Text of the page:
Clients will all be recovering from lockdown with the degree of change it has brought, with some experiencing more dramatic alterations than others. Certain buildings have gone from having 10,000 people occupying them to just a few hundred, so security solution providers will need to re-evaluate their clients’ requirements to accommodate that situation. There will never be a ‘one-size-fits-all’ answer.
In some cases, buildings that are solely reliant on CCTV or facial recognition access will need to be supported by more security officers. For other buildings, monitoring might be the best solution. With clients necessarily becoming more budget-conscious, commercial effectiveness is more important than ever. Security officers will need to work even more collaboratively with FM teams and building management, developing tailored solutions that are right for this journey to the ‘new normal’.
Low building occupancy rates will result in the re-planning of office space and the closing-off of certain areas. This could result in vast swathes of spaces being locked off and secured. In some instances, these spaces will no longer need to be entered or cleaned, but it will be the security officer’s role to keep them secure. This will require clear lines of communication with FM teams such that everyone is reading from the same hymn sheet and security officers can ensure sufficient protection is in place.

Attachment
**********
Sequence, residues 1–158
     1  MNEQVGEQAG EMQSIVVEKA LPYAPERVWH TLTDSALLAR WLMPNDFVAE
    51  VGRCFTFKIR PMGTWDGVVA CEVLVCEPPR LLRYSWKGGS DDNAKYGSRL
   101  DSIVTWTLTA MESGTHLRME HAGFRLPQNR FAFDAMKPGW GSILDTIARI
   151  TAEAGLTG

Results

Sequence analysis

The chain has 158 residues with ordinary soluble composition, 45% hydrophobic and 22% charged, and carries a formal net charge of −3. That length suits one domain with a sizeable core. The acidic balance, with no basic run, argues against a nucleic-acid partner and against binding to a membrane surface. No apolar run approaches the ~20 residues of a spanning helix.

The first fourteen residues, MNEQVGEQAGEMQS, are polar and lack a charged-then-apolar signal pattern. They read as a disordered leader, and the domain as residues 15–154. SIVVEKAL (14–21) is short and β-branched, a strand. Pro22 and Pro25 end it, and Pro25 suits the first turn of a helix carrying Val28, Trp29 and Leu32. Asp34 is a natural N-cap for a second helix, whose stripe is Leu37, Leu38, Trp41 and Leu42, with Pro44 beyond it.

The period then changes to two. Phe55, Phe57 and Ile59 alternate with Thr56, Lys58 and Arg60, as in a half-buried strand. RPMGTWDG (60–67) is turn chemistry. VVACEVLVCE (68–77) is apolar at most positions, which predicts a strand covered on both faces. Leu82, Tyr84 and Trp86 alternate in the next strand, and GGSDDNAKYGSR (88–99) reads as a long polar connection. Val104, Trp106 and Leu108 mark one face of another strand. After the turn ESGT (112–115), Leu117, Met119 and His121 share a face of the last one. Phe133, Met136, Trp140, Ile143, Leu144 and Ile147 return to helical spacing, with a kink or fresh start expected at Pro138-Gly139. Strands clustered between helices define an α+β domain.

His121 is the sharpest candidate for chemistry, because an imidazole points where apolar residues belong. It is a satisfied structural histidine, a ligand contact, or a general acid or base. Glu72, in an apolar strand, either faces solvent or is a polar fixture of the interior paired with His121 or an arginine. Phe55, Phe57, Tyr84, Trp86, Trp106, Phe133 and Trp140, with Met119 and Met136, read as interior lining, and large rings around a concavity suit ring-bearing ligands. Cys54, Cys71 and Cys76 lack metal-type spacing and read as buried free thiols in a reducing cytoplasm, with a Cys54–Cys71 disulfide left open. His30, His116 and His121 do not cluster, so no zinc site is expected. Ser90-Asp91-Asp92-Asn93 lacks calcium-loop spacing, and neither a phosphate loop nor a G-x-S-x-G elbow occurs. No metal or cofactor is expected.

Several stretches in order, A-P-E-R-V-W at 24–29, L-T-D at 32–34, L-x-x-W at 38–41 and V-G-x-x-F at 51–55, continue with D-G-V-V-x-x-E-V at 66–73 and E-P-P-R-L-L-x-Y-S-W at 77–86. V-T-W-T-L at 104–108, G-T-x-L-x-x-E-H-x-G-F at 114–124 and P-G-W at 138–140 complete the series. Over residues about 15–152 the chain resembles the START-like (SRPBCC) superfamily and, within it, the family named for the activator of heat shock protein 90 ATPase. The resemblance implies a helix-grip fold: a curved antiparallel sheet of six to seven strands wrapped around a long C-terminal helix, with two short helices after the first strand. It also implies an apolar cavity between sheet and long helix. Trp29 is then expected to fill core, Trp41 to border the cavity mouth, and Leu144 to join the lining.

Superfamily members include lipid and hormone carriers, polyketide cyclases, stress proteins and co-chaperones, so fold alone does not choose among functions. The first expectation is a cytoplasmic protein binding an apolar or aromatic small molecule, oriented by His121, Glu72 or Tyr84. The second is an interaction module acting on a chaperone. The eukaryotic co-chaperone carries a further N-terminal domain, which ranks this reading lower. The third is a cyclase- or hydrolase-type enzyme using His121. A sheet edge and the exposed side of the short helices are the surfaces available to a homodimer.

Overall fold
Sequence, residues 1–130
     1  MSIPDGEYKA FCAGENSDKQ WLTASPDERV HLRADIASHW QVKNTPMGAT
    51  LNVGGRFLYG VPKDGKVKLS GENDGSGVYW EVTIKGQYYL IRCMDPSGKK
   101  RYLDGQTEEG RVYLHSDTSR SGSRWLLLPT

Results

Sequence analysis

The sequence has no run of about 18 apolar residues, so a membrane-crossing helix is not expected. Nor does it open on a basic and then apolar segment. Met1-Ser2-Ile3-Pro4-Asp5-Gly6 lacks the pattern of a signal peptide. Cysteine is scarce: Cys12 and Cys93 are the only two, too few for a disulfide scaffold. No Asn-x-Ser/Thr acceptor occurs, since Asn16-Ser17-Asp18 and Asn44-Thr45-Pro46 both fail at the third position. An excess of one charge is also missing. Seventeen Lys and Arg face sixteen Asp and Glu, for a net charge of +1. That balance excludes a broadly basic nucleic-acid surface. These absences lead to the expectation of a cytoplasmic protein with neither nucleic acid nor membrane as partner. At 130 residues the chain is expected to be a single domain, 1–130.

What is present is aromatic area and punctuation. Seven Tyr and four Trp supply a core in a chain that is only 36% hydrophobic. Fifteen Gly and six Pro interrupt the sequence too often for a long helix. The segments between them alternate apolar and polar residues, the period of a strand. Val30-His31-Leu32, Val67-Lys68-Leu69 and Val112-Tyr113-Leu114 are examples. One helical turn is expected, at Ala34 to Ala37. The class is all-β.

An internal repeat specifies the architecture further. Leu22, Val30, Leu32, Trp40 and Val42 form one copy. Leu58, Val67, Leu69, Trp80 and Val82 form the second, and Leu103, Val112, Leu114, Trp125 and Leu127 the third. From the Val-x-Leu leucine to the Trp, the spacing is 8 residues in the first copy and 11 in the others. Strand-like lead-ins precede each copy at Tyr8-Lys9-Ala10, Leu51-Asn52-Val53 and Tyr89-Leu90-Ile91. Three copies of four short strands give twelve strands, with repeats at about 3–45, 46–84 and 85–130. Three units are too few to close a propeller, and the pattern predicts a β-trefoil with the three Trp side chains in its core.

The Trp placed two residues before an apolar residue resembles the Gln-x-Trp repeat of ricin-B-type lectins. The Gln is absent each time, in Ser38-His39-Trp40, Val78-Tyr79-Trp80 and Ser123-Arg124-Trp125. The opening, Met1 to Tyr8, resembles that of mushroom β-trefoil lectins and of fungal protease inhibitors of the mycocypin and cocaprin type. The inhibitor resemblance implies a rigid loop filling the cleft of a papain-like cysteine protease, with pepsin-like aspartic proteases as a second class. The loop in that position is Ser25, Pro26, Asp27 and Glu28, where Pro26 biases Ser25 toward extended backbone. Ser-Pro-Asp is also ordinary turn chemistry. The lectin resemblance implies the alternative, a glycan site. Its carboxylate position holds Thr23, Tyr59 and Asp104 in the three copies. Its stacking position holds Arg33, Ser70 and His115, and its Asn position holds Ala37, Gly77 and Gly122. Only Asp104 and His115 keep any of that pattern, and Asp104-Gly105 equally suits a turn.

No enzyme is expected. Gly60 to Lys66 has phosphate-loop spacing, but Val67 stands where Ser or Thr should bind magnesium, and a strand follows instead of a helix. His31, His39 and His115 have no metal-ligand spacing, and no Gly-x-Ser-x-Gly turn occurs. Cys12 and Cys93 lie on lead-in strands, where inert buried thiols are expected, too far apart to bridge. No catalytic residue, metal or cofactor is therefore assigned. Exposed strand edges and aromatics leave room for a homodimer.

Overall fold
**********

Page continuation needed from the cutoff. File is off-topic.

Sadly, some buildings will not re-open at all. In these instances, however, the asset will still need to be secure and security officers will need to present sensible solutions, support client-made decisions and prevent anti-social behaviour from taking hold.
Upskilling and training
As the security officer’s role changes, so will the skills they need to do their job effectively. This will include better training and upskilling in technology, people management, customer care and Health and Safety.
Temperature checks may result in officers subsequently refusing people entry to a given facility. This may cause anger and dissatisfaction, particularly so where senior management or VIPs are concerned, so officers need to know how to deal with ‘pushback’ scenarios effectively. Officers need to be personable, sensitive and diplomatic and recognise when individuals are unsure, nervous or stressed.